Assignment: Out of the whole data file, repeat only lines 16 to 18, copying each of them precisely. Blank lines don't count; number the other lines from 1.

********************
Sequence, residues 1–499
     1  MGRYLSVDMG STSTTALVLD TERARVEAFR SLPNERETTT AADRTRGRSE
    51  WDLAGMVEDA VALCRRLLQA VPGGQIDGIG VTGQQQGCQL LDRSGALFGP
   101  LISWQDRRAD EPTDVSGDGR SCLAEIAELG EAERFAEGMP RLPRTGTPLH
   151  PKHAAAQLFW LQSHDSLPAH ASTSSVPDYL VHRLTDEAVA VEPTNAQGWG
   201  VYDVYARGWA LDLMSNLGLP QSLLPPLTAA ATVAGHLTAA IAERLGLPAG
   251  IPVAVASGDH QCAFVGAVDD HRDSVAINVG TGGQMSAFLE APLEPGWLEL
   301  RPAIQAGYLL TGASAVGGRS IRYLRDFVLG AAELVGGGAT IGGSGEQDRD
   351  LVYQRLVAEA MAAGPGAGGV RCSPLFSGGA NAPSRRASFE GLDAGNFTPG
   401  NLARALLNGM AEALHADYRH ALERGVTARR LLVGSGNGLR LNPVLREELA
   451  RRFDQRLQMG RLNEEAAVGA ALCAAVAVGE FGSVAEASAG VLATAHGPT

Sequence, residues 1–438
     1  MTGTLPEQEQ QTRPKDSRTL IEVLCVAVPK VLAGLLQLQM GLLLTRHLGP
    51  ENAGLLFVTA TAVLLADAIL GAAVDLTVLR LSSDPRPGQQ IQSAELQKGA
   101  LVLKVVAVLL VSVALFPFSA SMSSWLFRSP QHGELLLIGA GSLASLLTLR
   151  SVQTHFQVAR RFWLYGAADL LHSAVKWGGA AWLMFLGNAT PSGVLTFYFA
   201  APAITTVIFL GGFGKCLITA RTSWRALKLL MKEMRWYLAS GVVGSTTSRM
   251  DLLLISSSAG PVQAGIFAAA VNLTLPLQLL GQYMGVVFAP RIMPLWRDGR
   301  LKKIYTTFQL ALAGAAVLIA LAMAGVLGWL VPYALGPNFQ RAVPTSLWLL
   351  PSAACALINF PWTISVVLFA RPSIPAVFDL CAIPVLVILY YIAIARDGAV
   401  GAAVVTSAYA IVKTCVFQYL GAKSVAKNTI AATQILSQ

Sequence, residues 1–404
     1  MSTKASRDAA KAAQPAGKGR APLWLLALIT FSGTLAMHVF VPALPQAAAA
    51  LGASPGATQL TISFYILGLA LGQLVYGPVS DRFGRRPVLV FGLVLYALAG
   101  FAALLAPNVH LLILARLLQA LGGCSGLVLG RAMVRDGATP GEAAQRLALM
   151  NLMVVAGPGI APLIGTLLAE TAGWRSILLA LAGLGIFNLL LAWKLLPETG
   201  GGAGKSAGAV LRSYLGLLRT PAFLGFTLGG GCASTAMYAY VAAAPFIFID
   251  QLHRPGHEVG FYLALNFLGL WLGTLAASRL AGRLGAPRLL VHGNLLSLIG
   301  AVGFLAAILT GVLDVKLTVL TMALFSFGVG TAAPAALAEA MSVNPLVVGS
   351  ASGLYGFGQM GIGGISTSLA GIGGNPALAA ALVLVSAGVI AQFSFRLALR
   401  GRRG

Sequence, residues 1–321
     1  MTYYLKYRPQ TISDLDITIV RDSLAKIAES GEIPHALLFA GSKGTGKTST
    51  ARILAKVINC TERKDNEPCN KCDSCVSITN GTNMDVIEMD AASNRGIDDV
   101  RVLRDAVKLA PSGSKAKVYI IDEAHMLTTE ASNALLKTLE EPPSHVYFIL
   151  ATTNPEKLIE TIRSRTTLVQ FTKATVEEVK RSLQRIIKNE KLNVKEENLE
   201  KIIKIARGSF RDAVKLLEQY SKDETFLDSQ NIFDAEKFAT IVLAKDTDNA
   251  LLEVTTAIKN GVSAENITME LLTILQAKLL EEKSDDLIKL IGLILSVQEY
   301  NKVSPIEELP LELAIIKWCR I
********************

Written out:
   151  SVQTHFQVAR RFWLYGAADL LHSAVKWGGA AWLMFLGNAT PSGVLTFYFA
   201  APAITTVIFL GGFGKCLITA RTSWRALKLL MKEMRWYLAS GVVGSTTSRM
   251  DLLLISSSAG PVQAGIFAAA VNLTLPLQLL GQYMGVVFAP RIMPLWRDGR